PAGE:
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SOCMA President Airs Legislation Worries
Posted: July 31, 2012
At the sixth annual Chemical Sector Safety Summit in Baltimore, Lawrence Sloan, president and CEO of the Society of Chemical Manufacturers and Affiliates, reflected on the recent political and economic climate, most notably US government security regulations for high-risk chemical facilities.
“The 2012 summit is taking place against a much more unpredictable political and economic backdrop than in 2011,” said Sloan. “As we head into a general election this fall, our country faces historic decisions about federal spending under the shadow of an unstable economy.”
At the summit’s opening session in the morning of July 31, Sloan said The Chemical Facility Anti-Terrorism Standards (or CFATS) —a major topic of discussion—is also in a different place than where it was a year ago, when CFATS was on the path toward being reauthorized by Congress.
CFATS, also known as 6 CFR, Part 27, are a set of US government anti-terrorism security regulations for high-risk chemical facilities.
SOCMA testified before the House Homeland Security Committee earlier this year and although committees in both the House and the Senate approved multi-year reauthorizations of the standards, “politics being what they are in our nation’s capital prevented a final vote in either chamber, thus ending any chances of guaranteeing CFATS’s long-term authorization until 2013,” Sloan said.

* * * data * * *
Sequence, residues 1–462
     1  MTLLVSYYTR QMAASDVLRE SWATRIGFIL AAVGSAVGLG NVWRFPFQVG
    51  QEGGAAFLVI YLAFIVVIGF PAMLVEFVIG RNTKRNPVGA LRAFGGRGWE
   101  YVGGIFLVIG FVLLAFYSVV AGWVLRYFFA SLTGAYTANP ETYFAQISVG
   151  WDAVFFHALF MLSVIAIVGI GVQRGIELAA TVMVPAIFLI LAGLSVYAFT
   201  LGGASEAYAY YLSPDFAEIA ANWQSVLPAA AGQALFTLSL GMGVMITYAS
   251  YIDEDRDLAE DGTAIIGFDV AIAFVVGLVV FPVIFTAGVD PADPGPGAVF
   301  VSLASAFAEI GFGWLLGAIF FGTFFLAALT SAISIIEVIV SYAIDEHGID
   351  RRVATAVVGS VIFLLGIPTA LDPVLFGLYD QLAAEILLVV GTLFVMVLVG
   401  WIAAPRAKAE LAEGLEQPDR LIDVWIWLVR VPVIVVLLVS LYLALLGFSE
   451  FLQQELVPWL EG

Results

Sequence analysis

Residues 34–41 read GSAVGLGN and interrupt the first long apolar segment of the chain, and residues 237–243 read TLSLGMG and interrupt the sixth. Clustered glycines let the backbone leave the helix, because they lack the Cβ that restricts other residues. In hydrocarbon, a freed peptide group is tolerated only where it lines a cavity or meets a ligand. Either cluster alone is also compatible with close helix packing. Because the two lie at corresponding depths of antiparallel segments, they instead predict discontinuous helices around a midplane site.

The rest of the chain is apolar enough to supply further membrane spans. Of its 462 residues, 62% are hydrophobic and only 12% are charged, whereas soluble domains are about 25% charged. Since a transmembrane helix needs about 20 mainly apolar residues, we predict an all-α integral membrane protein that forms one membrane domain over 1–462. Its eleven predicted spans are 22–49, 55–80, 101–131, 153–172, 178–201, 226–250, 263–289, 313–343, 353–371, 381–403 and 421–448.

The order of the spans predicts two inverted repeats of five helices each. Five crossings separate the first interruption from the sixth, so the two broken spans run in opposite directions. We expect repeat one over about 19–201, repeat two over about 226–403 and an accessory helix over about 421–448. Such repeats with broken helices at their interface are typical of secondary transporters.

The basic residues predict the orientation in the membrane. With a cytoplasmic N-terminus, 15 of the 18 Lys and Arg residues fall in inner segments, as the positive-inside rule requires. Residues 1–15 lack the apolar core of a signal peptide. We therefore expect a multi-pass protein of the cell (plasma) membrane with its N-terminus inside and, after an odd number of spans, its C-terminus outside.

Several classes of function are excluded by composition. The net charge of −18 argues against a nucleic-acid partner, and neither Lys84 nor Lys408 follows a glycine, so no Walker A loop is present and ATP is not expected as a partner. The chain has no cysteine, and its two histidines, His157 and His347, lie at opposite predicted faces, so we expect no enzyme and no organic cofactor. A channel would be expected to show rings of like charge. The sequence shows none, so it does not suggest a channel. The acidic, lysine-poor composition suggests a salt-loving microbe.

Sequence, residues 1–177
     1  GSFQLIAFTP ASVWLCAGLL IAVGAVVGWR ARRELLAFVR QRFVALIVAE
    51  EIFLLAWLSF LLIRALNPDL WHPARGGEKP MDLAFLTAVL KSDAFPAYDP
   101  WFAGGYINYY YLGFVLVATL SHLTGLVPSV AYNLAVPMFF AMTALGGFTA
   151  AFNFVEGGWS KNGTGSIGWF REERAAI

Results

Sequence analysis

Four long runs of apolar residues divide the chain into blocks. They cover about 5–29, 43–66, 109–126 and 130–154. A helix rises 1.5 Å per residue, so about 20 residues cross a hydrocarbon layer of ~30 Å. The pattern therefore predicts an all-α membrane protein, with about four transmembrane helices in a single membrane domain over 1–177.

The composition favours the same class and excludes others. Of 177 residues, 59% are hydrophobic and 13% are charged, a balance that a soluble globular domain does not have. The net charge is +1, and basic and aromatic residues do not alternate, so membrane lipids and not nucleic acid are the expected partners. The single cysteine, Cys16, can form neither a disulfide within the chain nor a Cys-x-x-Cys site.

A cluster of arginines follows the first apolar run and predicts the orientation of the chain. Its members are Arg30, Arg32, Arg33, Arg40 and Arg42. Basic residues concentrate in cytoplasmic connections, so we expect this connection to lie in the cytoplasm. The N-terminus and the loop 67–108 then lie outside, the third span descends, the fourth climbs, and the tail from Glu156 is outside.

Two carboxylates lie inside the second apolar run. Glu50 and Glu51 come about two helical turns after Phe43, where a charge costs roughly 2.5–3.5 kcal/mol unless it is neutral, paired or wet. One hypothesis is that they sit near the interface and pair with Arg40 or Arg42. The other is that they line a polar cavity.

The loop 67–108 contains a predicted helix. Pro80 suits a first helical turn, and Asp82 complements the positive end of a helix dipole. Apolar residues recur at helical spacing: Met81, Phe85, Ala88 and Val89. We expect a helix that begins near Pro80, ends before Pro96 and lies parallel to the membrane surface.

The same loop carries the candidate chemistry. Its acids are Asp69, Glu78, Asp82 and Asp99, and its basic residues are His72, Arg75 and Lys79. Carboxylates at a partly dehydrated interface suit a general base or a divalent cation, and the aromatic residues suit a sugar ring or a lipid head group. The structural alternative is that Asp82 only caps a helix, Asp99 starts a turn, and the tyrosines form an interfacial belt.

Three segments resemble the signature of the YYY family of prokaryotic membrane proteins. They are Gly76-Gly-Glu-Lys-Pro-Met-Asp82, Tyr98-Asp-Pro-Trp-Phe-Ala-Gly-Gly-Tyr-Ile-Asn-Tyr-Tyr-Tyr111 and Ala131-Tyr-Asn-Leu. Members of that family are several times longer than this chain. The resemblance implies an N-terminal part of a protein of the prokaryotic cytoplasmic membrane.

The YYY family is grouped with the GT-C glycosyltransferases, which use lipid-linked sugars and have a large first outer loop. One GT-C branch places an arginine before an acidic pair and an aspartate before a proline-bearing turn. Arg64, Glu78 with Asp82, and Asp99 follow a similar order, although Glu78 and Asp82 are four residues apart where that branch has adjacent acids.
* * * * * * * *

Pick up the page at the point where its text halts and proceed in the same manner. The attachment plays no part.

“Also troubling is the fact that appropriators in Congress voted this year to slash funding for CFATS so drastically that, if ever approved, it could threaten the department’s ability to effectively implement the standards,” Sloan added. “There is no mistaking that we—the public and private sector alike—are facing some headwinds as we gather here in Baltimore this year.”
These challenges, Sloan said, are not insurmountable. “The fact is, having a comprehensive set of security standards such as CFATS that is enforced by DHS is in our nation’s best interest,” he said. “Just consider the options – either no security standards at all, or, on the opposite end of the spectrum, prescriptive one-size-fits-all mandates that do not preserve the necessary flexibility for an industry as diverse as ours."
Members of SOCMA, which includes even small member companies, are committed to CFATS, Sloan said. That and the industry’s commitment to securing its most hazardous chemical products is stronger than ever, he added, referring to the number of attendees at the summit from the private sector.